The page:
Coumas first contends that since expatriation must be caused by his 'voluntary' act, Perkins v. Elg, 307 U.S. 325, 334, 59 S.Ct. 884, 83 L.Ed. 1320, his entry into the Greek army was involuntary because he was inducted into it. It nowhere appears that he protested his induction, and he voluntarily went to Greece presumably knowing that under the Greek law he, a Greek citizen, might be conscripted into the army. Cf. Dos Reis ex rel. Camara v. Nicolls, 1 Cir., 161 F.2d 860.
Coumas testified that, though inducted into the army, he did not take the oath of allegiance and the question is, is this evidence substantial. It appears that Coumas, having been indicted for murder in the United States, took an assumed name and fled to Greece on a false Albanian passport, thereby committing a second and third felony. Coumas had a dual citizenship, both United States and Greek. Under our treaty with Greece and the Greek laws he was tried in a Greek court and convicted of voluntary manslaughter. If further appears that the felon repeatedly admitted that to aid him with the immigration authorities he gave the false statement that he had never been out of the United States since he became a citizen. He further testified that he went to Greece because 'I was wanted for a crime in the United States and just made a dive for Greece,' and then within a few minutes stated in answer to the question whether he left the United States to avoid prosecution, 'No not for me. I had no ideas to avoid it.'
These facts justify the district court in treating appellant's testimony as worthless. Testimony so lacking credibility is not substantial evidence and does not overcome the presumption. Andrew Jergens Co. v. Conner, 6 Cir., 125 F.2d 686, 689; Rosenberg v. Baum, 10 Cir., 153 F.2d 10, 13; Zimmer v. Acheson, 9 Cir., 191 F.2d 209.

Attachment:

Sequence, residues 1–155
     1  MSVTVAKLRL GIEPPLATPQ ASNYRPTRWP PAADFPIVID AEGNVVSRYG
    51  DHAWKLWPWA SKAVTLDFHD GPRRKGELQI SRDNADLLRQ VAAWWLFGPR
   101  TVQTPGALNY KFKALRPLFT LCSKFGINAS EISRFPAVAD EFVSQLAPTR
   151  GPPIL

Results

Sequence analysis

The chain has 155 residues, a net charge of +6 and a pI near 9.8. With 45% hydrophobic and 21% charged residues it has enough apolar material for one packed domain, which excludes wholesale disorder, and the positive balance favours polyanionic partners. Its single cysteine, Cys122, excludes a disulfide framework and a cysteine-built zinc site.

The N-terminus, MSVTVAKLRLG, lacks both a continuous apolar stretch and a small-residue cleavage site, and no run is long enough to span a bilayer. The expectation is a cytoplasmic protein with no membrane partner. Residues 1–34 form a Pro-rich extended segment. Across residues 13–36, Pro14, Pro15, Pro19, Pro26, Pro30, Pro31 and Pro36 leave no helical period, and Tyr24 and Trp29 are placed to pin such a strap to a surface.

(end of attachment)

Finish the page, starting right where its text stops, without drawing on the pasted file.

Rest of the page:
B. With regard to the presumption of denaturalization after two years residence in Greece, the foreign state from which he came to the United States, the evidence is clear that Coumas not only voluntarily so made Greece his residence but also that he voluntarily chose to remain there for over five years during the continuance of the Act of March 2, 1907.
His flight from the United States to escape prosecution in California brought him into Greece in midsummer 1932, from whence he returned to the United States in August 1947. In 1934 he was arrested and subjected to extradition proceedings in Greece brought by the United States to have him tried for murder under his California indictment. Coumas successfully resisted the extradition, stating he did so 'as a Greek citizen entitled by treaty to trial in Greece for the crime committed in the United States.' He was tried in October, 1935 and sentenced to four years in prison, succeeded by three years of parole ending on October 10, 1942. Here was clearly a voluntary residence for over five years during the period of the above Act of March 2, 1907, which continued to January 13, 1941. It is none the less so because for four years his chosen residence was in a Greek rather than an American penitentiary, with the required additional years of residence on parole.
The district court rightly held that Coumas thus had abandoned his United States citizenship.
The judgment is affirmed.
1 Now 8 U.S.C.A. § 1503.
2 Now 8 U.S.C.A. § 1481(a), 1482, 1484.